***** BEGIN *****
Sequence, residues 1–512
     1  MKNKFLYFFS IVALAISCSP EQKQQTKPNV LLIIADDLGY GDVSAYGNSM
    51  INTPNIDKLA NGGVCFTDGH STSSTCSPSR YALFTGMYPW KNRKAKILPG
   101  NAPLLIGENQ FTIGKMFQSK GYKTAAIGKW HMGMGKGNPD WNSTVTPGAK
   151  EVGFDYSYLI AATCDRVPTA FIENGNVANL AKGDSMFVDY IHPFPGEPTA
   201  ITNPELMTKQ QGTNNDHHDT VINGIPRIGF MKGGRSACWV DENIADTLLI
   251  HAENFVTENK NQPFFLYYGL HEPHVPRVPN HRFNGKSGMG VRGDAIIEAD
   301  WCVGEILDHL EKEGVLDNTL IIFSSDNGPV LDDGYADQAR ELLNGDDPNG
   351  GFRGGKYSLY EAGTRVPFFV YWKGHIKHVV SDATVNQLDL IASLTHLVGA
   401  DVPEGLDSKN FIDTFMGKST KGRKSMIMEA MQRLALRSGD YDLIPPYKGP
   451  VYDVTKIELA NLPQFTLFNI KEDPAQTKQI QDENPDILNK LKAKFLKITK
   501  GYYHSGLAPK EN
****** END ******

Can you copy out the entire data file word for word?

Sequence, residues 1–512
     1  MKNKFLYFFS IVALAISCSP EQKQQTKPNV LLIIADDLGY GDVSAYGNSM
    51  INTPNIDKLA NGGVCFTDGH STSSTCSPSR YALFTGMYPW KNRKAKILPG
   101  NAPLLIGENQ FTIGKMFQSK GYKTAAIGKW HMGMGKGNPD WNSTVTPGAK
   151  EVGFDYSYLI AATCDRVPTA FIENGNVANL AKGDSMFVDY IHPFPGEPTA
   201  ITNPELMTKQ QGTNNDHHDT VINGIPRIGF MKGGRSACWV DENIADTLLI
   251  HAENFVTENK NQPFFLYYGL HEPHVPRVPN HRFNGKSGMG VRGDAIIEAD
   301  WCVGEILDHL EKEGVLDNTL IIFSSDNGPV LDDGYADQAR ELLNGDDPNG
   351  GFRGGKYSLY EAGTRVPFFV YWKGHIKHVV SDATVNQLDL IASLTHLVGA
   401  DVPEGLDSKN FIDTFMGKST KGRKSMIMEA MQRLALRSGD YDLIPPYKGP
   451  VYDVTKIELA NLPQFTLFNI KEDPAQTKQI QDENPDILNK LKAKFLKITK
   501  GYYHSGLAPK EN